Saudi Arabia allows Israeli regime to fly planes over its airspace
Saudi Arabia has granted for the first time permission for Air India flights headed to the Israeli entity to use its airspace.

Zionist media outlets say the decision, which will be implemented in March, means that the flights from New Delhi to Tel Aviv would be shortened by two and a half hours.

The Saudi regime had banned flights headed to the Israeli entity from using its airspace for 70 years. While it is no secret that private jets can fly from Saudi and other Persian Gulf airports to Israel, they could not use the direct route and had to make a stop-over in Amman airport first.

The move is seen as a nod to India’s Prime Minister Narendra Modi’s influence in the region, who is expected to land in the occupied West Bank on February 10. Last year, he became the first Indian premier to go to the Israeli entity on an official state visit.

But the decision also signifies warmer ties between the Israeli regime and Saudi Arabia, who have been linked to having increasingly covert relations over the last year.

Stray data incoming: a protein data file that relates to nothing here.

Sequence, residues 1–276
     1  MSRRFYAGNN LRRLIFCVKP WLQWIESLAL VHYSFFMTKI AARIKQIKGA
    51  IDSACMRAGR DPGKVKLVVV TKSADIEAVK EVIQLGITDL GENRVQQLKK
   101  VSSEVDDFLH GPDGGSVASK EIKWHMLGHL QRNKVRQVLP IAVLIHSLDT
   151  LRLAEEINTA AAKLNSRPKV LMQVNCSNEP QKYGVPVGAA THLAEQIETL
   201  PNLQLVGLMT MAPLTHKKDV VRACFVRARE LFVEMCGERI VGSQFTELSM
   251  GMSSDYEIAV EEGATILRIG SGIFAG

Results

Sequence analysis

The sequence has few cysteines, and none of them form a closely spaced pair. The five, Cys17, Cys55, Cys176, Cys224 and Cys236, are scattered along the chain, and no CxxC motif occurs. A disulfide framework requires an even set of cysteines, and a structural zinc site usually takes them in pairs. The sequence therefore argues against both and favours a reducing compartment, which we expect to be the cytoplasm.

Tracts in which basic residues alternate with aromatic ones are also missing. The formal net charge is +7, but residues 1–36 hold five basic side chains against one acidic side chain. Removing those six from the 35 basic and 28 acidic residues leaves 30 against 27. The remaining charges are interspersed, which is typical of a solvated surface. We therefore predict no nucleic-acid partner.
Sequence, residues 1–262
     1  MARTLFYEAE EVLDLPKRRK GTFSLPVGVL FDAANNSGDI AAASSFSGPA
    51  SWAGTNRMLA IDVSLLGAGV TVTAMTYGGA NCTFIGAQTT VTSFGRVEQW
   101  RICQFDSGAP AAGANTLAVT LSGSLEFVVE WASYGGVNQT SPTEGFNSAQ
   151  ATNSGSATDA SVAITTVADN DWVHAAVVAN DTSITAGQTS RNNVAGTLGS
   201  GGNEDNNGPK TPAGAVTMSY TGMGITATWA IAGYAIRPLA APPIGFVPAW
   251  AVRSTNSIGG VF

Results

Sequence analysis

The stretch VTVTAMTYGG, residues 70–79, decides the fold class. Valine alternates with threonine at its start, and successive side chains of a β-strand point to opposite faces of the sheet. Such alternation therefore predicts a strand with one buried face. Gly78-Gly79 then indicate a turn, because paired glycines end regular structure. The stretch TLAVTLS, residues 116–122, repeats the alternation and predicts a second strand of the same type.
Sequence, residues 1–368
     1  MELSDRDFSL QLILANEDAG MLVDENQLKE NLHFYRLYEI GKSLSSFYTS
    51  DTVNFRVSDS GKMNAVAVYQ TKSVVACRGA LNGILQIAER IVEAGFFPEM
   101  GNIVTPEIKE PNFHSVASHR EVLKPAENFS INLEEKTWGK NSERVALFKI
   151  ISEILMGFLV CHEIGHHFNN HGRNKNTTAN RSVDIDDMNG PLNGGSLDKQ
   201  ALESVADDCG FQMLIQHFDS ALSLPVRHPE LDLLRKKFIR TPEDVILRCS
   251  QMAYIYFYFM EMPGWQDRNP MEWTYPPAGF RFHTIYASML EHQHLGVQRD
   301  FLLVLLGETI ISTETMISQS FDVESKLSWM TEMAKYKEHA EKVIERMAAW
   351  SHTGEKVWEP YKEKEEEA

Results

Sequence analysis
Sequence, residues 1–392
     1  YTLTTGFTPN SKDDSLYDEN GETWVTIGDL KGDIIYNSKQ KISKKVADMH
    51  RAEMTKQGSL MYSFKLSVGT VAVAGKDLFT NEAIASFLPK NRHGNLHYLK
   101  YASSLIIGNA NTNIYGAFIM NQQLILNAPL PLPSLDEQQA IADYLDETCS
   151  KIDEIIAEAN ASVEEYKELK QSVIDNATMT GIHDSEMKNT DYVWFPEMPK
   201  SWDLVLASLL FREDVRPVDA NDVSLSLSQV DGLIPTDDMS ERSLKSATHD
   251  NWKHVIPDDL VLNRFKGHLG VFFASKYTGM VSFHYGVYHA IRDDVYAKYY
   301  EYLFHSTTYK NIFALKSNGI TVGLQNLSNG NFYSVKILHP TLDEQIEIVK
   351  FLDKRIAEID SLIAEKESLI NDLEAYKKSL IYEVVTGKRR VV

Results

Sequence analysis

This has been credited to the shakeup of Saudi domestic and foreign policy, spearheaded by the young and ambitious Crown Prince Mohammed bin Salman.

Saudi Crown Prince Mohammed Bin Salman is using influential figures in the kingdom to prepare the public opinion to accept official ties with the Israeli regime.

Arab states led by Saudi Arabia are warming up to the Israeli regime at the expense of Palestinians who are struggling to liberate their lands, particularly the al-Aqsa Mosque-the third holiest site in Islam, currently under the occupation of the Israelis.

HT IUVMPRESS

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